Edward Rutledge was of Irish descent. His father, Doctor John Rutledge, emigrated from Ireland to America, in 1735, and settled at Charleston, South Carolina. He there commenced practice as a physician, in which he was very successful, and in the course of a few years, he married a young lady by the name of Hert, who brought him, as a marriage dowry, an ample fortune. When she was twenty-seven years of age, Dr. Rutledge died, and left her with a family of seven children, of whom Edward, the subject of this memoir, was the youngest. He was born at Charleston, in November, 1749.
After receiving a good English and classical education, young Rutledge commenced the study of law with his elder brother, John, who was then a distinguished member of the Charleston bar. As a finishing stroke in his legal education, preparatory to his admission to the bar, he was sent to England at the age of twenty, and entered as a student at the Inner Temple, London,* where he had an opportunity of witnessing the forensic eloquence of those master spirits of the times, Mansfield, Wedderburn, Thurlow, Dunning, Chatham and Camden. He returned to Charleston about the close of 1772, was admitted to the bar, and commenced practice early in 1773.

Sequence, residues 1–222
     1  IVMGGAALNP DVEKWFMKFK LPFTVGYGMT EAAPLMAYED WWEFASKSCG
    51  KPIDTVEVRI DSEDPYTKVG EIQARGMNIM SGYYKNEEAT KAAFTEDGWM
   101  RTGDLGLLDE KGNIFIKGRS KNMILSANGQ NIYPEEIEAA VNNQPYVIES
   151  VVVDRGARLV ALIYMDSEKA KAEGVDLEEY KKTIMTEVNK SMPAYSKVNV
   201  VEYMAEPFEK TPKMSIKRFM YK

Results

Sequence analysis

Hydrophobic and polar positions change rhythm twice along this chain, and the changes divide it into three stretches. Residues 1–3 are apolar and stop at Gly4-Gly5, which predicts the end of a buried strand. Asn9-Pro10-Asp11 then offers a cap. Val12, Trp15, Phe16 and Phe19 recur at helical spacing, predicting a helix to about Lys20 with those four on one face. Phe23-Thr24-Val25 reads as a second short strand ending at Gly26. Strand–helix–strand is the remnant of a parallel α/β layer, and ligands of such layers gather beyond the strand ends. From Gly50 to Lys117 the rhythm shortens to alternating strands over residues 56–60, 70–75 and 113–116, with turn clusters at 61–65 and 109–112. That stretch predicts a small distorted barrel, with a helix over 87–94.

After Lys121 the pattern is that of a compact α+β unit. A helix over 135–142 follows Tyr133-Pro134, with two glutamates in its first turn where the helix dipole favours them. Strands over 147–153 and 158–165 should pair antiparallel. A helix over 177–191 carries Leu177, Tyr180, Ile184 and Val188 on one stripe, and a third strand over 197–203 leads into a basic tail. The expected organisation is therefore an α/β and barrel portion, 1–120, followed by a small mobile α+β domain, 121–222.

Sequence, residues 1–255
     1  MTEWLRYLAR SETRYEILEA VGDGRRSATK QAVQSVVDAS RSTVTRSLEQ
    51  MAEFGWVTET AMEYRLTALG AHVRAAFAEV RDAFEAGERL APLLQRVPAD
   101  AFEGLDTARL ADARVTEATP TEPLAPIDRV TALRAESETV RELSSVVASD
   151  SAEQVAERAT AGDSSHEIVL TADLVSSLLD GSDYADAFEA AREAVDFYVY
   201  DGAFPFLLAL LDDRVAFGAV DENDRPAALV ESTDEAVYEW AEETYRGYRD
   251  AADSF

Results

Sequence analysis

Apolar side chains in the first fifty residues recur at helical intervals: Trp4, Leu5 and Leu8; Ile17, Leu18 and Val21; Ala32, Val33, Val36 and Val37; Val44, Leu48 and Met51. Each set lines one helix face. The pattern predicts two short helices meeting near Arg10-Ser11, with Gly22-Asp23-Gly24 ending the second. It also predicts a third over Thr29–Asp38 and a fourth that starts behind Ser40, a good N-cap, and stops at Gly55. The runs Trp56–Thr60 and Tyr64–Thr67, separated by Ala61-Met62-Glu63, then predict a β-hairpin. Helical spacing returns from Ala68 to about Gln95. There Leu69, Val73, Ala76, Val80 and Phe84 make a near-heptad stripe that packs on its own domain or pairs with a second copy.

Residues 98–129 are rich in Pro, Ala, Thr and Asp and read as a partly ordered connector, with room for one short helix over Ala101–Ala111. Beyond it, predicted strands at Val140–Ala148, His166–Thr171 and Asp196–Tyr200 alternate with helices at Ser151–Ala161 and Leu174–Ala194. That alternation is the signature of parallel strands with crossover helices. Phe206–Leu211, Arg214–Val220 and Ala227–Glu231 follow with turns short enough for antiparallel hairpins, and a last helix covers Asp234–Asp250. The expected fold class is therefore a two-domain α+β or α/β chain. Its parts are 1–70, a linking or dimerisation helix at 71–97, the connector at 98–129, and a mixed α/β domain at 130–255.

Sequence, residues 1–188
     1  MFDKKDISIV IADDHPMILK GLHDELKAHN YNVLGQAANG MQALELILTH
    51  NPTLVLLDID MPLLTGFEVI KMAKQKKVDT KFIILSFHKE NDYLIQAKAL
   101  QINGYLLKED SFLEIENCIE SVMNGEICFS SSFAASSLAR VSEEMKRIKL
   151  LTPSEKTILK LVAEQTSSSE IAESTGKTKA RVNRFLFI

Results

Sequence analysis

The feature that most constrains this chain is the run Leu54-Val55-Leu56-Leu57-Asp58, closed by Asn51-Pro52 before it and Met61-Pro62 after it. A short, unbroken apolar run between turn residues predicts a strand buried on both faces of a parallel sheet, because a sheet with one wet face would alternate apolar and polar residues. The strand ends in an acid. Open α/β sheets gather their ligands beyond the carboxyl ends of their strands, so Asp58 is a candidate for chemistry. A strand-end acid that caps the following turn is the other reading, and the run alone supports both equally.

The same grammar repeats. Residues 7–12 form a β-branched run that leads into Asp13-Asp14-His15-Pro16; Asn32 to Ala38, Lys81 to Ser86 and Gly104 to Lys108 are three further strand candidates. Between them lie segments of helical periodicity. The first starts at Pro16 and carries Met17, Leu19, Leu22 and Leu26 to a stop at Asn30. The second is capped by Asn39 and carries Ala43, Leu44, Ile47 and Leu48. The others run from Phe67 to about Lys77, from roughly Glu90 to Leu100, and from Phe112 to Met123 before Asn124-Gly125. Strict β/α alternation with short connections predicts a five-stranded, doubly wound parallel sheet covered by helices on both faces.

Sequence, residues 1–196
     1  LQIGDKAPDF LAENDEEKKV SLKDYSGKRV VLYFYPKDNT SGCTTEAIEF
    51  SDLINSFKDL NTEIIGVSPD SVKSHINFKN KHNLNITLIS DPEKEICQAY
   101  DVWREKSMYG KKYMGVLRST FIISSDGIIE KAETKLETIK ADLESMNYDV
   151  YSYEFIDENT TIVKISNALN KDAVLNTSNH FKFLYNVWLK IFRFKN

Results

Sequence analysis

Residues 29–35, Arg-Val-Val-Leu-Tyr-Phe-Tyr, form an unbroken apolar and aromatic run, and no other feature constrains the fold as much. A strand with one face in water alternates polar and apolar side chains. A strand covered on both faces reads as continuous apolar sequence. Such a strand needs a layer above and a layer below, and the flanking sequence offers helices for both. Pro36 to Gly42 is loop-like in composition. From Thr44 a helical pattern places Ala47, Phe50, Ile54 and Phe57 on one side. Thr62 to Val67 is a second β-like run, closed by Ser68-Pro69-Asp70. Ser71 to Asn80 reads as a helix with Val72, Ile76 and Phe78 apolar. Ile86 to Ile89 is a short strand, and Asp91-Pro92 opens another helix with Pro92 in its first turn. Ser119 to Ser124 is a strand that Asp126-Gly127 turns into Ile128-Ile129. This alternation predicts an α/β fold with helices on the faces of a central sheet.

Mr. Rutledge, though young, had watched with much interest the political movements of the day, and when old enough to act as well as think, he took a decisive stand on the side of the patriots. This, together with the distinguished talents which he manifested on his first appearance at the bar, drew toward him the attention of the public mind, when the Massachusetts Circular aroused the people to vigorous action. Although then only twenty-five years of age, the convention of South Carolina elected him a delegate to the first General Congress, and he was present at the opening, on the fifth of September, 1774. There he was active and fearless, and receiving the entire approbation of his constituents, he was re-elected in 1775, and 1776 : and when, preparatory to the consideration of the subject of absolute independence, Congress, by resolution, recommended the several colonies to form permanent governments, Mr. Rutledge was associated with Richard Henry Lee and John Adams, in preparing the prefatory preamble to the recommendation. He was warmly in favor of independence, and fearlessly voted for the Declaration, notwithstanding there were large numbers of people in his State opposed to it, some through timidity, some through self-interest, and some through decided attachment to the royal cause.